Douglas Rushkoff thinks that the next step for open source is to create its own monetary currencies:
Open Source or, in more common parlance, "complementary" currencies are collaboratively established units representing hours of labor that can be traded for goods or services in lieu of centralized currency...Systematic favor trading == ironclad tax evasion!
It's what the Japanese did at the height of the recession. No, not the Japanese government, but unemployed Japanese people who couldn't afford to pay healthcare costs for their elder relatives in distant cities. They created a currency through which people could care for someone else's grandmother, and accrue credits for someone else to take care of theirs...
Turning currency into an collaborative phenomenon is the final frontier in the open source movement.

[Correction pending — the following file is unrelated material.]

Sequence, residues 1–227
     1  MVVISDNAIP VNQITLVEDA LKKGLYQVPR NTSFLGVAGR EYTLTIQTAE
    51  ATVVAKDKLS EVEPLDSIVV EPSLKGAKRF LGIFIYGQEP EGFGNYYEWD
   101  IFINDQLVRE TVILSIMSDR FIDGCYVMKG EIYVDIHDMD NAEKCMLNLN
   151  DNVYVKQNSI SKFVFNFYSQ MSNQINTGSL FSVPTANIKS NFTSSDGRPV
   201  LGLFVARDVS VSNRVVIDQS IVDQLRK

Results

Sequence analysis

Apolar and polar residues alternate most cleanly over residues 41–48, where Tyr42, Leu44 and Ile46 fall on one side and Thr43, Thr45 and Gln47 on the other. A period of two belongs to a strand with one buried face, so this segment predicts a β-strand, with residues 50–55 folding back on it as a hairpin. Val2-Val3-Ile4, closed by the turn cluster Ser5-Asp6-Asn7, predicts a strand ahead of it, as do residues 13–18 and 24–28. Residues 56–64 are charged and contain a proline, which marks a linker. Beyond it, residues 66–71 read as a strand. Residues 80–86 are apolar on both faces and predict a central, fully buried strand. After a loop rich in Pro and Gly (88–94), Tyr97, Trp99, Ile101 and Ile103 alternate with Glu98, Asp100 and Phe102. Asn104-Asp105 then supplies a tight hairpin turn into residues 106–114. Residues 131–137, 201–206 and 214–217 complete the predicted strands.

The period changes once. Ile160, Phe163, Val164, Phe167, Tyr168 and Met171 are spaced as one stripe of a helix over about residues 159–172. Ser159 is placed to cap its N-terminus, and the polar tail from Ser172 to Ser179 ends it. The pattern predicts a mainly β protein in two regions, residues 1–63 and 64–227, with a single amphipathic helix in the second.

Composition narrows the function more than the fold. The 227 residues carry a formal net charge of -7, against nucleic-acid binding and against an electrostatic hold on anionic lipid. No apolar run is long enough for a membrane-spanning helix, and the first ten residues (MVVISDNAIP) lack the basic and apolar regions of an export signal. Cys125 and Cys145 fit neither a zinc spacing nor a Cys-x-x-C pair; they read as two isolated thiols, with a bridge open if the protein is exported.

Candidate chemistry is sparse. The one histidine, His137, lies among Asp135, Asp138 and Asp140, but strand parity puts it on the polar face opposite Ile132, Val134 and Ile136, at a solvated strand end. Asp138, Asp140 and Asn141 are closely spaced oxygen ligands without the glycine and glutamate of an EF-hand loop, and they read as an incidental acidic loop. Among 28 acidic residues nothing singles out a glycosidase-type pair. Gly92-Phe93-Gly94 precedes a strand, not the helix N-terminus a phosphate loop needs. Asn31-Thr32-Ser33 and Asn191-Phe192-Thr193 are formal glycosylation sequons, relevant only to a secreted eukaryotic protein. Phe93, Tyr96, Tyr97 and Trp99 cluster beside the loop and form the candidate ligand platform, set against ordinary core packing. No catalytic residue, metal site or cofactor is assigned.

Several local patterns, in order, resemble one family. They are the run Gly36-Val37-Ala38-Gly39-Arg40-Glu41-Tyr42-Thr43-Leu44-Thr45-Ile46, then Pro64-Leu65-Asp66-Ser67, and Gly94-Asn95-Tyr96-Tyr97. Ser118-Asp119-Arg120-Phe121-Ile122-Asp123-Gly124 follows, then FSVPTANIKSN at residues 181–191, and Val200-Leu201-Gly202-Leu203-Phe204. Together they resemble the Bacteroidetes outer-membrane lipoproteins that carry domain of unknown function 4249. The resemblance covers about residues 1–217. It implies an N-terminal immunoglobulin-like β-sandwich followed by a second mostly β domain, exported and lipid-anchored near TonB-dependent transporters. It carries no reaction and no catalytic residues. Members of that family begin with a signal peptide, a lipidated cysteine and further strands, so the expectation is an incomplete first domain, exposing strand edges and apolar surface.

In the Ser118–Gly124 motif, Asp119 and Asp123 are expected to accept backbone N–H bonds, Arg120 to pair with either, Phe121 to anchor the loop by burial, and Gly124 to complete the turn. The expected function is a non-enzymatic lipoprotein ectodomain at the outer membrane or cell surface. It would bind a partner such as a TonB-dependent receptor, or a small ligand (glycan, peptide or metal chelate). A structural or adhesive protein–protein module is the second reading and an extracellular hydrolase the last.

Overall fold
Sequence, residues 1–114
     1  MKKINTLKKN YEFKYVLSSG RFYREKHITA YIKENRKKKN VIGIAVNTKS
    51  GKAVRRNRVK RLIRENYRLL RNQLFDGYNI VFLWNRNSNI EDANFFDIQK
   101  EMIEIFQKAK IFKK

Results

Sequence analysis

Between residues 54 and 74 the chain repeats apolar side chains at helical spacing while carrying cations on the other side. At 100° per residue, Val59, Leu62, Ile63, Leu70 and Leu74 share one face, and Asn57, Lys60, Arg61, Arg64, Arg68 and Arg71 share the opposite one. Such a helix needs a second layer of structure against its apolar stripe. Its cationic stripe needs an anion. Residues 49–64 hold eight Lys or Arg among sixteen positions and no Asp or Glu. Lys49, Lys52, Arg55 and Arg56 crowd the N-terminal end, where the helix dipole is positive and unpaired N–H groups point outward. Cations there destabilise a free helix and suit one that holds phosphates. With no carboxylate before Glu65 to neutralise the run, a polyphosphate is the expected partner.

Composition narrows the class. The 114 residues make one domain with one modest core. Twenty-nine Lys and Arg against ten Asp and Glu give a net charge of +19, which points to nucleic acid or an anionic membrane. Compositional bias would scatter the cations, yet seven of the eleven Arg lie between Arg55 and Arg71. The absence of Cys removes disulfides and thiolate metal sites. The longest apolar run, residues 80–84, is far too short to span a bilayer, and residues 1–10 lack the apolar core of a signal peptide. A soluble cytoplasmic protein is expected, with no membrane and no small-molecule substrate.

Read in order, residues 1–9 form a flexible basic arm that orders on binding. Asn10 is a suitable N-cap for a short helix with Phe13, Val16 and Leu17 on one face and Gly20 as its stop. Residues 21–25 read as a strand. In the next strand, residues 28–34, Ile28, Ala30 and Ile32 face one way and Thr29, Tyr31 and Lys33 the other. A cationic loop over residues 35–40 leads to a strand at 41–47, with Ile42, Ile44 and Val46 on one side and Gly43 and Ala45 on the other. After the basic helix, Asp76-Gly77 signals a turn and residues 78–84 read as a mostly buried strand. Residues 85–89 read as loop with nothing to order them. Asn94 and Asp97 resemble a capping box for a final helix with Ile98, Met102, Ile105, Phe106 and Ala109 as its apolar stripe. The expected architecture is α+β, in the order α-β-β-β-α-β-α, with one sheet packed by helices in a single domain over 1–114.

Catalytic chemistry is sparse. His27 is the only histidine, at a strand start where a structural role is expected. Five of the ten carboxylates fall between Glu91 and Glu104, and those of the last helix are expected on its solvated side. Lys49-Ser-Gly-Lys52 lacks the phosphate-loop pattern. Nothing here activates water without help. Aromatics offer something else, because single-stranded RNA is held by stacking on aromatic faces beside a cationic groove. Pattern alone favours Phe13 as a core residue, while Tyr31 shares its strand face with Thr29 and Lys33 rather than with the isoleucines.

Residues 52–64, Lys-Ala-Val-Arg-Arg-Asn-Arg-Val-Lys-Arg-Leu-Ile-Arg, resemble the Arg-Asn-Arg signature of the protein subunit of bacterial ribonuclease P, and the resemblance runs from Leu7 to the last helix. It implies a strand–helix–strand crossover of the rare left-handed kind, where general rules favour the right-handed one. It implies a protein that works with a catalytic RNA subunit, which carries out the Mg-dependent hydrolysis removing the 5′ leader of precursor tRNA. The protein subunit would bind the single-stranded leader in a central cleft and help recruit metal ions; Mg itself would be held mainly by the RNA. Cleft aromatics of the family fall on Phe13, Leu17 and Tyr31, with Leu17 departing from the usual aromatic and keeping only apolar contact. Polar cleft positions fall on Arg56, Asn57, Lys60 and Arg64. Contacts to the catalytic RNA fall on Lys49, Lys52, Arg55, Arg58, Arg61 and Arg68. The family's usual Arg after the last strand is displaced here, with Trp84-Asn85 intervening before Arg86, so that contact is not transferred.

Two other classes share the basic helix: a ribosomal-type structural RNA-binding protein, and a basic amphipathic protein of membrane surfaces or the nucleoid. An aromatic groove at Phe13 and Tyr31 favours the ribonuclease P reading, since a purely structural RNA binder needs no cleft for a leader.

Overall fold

- Judith Harris, the independent-researching grandma who argues that peers, not parents, determine child development, claims she has not been refuted.
- Stewart Brand tells historians to make policy recommendations, pointing to the book Thinking In Time: The Uses of Hustory for Decision Makers.
- Phil Zimbardo says heroism is as banal as evil.
- Robert Schank says "Schools need to be replaced by safe places where children can go to learn how to do things that they are interested in learning how to do."
- Richard Nisbett says that we chronically misidentify the motivations for our own actions.
- Rudy Rucker endorses panpsychism, which I agree is the only convincing explanation for conciousness, however weird it sounds.
- Ali G's uncle suggests that we build a political culture that chooses politicians based on their ability to listen and empathize, not their confidence and hardheadedness. Actually, this is a pretty unrealistic, useless idea. But it's Ali G's uncle!